The Yerevan Cascade
|Elevation||118 m (387 ft)|
|Inaugurated||17 November 2009|
|Design and construction|
|Architect||Jim Torosyan, Aslan Mkhitaryan, Sargis Gurzadyan|
The Cascade (Armenian: Կասկադ, Kaskad) is a giant stairway made of limestone in Yerevan, Armenia. It links the downtown Ketron area of Yerevan with the Monument neighborhood. Designed by architects Jim Torosyan, Aslan Mkhitaryan, and Sargis Gurzadyan the construction of the cascade started in 1971 and was partially completed in 1980.
Inside the Cascade, underneath the exterior steps, are seven escalators that rise along the length of the complex. There are also exhibit halls connected to some of the landings along the escalators which compose the Cafesjian Museum of Art.
The exterior of The Cascade features multiple levels adorned with fountains and modernist sculptures from the Cafesjian collection. The stairs afford walkers unobstructed views of central Yerevan and Mount Ararat. At the base of the Cascade is a garden courtyard with statues by contemporary sculptures such as Botero.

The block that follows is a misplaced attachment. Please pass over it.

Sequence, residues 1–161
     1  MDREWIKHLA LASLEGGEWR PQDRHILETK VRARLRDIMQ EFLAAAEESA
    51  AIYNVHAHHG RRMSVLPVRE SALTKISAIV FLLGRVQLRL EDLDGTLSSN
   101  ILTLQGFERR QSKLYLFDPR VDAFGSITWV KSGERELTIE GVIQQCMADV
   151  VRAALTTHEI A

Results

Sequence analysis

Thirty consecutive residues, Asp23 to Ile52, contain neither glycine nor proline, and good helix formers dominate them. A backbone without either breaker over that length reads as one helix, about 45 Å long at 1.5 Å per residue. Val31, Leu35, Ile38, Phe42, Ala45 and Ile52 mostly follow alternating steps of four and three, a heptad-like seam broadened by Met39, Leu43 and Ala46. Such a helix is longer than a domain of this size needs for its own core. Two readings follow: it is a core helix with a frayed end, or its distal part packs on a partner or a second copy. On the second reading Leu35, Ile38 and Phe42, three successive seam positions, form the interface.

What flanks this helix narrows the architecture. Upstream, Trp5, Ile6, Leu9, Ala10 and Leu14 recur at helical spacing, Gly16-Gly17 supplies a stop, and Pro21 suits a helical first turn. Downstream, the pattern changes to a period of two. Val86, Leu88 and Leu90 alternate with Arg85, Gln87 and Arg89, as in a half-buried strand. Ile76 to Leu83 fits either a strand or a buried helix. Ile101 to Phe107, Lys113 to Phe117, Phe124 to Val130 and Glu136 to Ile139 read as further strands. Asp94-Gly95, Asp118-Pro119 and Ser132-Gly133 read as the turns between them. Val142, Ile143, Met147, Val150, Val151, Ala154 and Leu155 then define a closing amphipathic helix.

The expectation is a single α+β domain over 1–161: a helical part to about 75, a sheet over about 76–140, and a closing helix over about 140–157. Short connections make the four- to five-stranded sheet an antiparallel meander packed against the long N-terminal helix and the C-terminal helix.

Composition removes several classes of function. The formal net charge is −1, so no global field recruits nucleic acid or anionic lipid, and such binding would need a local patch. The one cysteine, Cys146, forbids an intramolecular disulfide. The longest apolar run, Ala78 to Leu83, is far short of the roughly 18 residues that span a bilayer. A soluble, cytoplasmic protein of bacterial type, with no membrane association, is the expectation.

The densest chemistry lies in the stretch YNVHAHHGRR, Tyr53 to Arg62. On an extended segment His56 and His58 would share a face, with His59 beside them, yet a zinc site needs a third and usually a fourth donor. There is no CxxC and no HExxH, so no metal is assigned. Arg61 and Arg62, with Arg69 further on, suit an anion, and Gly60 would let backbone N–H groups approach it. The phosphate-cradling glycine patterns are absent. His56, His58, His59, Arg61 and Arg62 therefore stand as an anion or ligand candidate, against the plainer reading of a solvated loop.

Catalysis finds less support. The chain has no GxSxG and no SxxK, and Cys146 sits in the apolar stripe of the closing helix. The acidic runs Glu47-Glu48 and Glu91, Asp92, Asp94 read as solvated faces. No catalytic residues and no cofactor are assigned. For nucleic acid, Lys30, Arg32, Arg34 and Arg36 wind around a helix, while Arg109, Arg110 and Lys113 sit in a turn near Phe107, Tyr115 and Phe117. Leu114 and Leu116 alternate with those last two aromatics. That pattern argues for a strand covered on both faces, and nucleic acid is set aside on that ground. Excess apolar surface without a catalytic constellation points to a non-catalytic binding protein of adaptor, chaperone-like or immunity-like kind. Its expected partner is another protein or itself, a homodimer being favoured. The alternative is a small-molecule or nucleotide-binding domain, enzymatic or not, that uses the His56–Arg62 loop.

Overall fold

There are a number of cafes and restaurants on both sides of the Cascade frequented by locals and tourists. Classical and jazz concerts often take place at the Cascade during spring, summer and early autumn, with spectators sitting on the steps.
This section needs to be updated.May 2018)(
Construction began in 1971 during the Soviet era. The first phase was completed in 1980. The second phase began in earnest in 2002 and lasted until 2009. The complex was handed over to the American-Armenian magnate and collector Gerard Cafesjian in the early 2000s during which the complex underwent further renovation. A large museum complex is planned at the zenith but remains stalled and is still in the early stages of construction.
Monument to Alexander Tamanian
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